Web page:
Land Otter Man (NA8500)
Tlingit, from Sitka, Alaska
Red cedar, blue abalone, human hair, metal
Length: 38 in
Collected by Louis Shotridge in 1918
University of Pennsylvania Museum of Archaeology and Anthropology
Louis Shotridge, a Tlingit nobleman and Penn Museum Assistant Curator, acquired this war canoe figurehead from his maternal grandfather’s family. According to oral history, the canoe was commissioned by a young warrior who needed to make a grand entrance at a potlatch. A clan elder named the canoe “Land Otter-Man” because its owner was bold, agile, and lucky in battle like a land otter, and also related to members of the Land Otter House. Land otter men were souls of drowned humans who lived in an underwater land otter village and transformed into otters themselves, fearsome were-beasts and Tlingit shamans’ most powerful spirit-helpers. This figurehead was designed to be intimidating, with glinting shell eyes, a bright red mouth, and potent symbolism.
In 1918, the figurehead was “dark with age” and the only surviving piece of the canoe. Shotridge claims it never went into battle, but it bears marks of use. The front paws sport rusting nails and holes that once attached the carving to something, probably the canoe, while the dark top layer has worn off the back paws and buttocks. Splitting wood at three of the four leg joints was repaired long ago with wooden pegs and metal fasteners, now rusting. Many tufts of human hair have broken or fallen out. The nose, the furthest protruding part, is chipped as if it bumped into something. Shotridge does not discuss what happened to the Land Otter-Man between its first potlatch and when he collected it, but the object itself tells part of the story.
Wall Text: Canoes
Canoes were essential to life in the nineteenth-century Northwest Coast. Settlements lay along the water, and boats were the primary means of transportation between these communities surrounded by mountains and dense forests. Fishing canoes allowed people to subsist on marine resources. Warriors in war canoes raided villages and fought battles at sea. Northwest Coast peoples adapted canoe shapes and styles to different purposes and environments.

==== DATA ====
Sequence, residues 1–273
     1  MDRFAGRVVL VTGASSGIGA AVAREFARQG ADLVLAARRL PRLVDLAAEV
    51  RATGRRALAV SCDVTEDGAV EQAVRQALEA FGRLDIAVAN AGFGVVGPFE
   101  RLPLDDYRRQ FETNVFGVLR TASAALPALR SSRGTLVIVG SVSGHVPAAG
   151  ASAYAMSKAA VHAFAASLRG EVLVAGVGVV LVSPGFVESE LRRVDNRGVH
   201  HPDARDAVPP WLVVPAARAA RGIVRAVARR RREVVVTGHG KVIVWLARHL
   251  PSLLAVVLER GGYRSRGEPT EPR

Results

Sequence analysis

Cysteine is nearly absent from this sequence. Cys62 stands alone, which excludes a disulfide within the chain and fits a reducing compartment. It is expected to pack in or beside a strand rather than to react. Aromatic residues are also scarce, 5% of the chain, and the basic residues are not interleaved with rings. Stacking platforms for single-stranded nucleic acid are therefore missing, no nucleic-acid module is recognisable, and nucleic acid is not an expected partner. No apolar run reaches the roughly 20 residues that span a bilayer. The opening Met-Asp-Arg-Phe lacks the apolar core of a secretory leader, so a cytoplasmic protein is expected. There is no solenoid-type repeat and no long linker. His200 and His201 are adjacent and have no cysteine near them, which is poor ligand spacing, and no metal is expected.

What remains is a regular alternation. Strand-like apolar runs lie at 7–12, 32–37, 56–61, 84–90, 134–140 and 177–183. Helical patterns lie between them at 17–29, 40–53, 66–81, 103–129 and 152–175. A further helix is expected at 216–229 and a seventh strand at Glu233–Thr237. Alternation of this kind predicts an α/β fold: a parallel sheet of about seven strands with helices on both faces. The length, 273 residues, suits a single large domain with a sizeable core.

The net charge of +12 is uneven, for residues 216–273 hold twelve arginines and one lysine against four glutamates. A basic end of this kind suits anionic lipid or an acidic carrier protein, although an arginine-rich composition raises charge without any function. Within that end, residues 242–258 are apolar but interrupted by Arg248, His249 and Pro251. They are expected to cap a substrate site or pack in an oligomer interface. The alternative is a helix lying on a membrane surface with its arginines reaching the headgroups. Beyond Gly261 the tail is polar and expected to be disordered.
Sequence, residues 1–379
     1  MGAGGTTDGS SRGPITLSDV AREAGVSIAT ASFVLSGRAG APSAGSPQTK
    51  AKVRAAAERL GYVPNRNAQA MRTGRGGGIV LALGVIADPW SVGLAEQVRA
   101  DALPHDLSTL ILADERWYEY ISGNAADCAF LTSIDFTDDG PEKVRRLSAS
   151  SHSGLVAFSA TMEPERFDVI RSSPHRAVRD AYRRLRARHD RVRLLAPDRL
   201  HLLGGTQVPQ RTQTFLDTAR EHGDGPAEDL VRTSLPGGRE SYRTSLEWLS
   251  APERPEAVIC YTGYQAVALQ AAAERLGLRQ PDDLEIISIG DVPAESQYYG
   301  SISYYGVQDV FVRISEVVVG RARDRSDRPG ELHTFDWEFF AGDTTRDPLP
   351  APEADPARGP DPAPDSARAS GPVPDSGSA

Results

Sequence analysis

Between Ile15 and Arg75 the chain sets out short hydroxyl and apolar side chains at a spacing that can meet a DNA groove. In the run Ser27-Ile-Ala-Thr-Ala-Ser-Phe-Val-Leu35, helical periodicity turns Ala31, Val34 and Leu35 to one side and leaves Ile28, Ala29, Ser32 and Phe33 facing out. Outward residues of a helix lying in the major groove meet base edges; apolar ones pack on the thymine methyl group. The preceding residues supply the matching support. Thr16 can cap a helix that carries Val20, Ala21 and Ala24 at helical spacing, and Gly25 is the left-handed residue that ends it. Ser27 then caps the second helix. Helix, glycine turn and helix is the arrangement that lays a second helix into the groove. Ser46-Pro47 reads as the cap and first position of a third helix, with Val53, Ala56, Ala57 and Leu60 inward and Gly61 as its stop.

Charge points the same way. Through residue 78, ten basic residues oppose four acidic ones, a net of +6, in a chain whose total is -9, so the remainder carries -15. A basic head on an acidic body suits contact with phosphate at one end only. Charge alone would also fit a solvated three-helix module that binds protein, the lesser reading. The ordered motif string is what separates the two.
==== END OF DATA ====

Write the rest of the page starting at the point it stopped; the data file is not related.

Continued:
Specialists carved canoes from a single piece of cedar. They first shaped the outside of the vessel, then let the wood mature over the winter, and hollowed it out to even thickness in the spring. The master carver softened the sides and bent them outward by filling the canoe with water and boiling it with red-hot rocks. He lightly burned the outside to harden the wood, and finished it by rubbing it smooth.
Canoes were status markers and esteemed possessions. Potlatch hosts demonstrated wealth by giving away or destroying canoes. Canoes reflected upon their owners, and were given names related to the owners’ personal qualities or family connections. Some were decorated, and the figureheads of war canoes were designed to reflect the unpleasantness of battle. Northwest Coast canoes were important in many aspects of personal and community life.
Jonaitis, Aldona. Art of the Northwest Coast. Seattle: University of Washington Press, 2006.
Kaplan, Susan A., Kristin J. Barsness, and Adria H. Katz, eds. Raven’s journey: the world of Alaska’s native people. Philadelphia: University Museum Press, 1986.
Shotridge, Louis V. “Land Otter-Man.” The Museum Journal 13, no. 1 (1922): 55-59.
Stewart, Hilary. Cedar: tree of life to the northwest coast Indians. Seattle: University of Washington Press, 1984.
 Susan A. Kaplan, Kristin J. Barsness, and Adria H. Katz. Raven’s journey: the world of Alaska’s native people. (Philadelphia: University Museum Press, 1986), 203.
 Louis V. Shotridge, “Land Otter-Man,” The Museum Journal 13, no. 1 (1922): 55-58.
 Aldona Jonaitis. Art of the Northwest Coast. (Seattle: University of Washington Press, 2006), 130.
 Shotridge, “Land Otter-Man,” 55.
 Hilary Stewart. Cedar: tree of life to the northwest coast Indians. (Seattle: University of Washington Press, 1984), 48.
 Ibid, 52-55.
 Ibid, 49.
 Shotridge, “Land Otter-Man,” 57.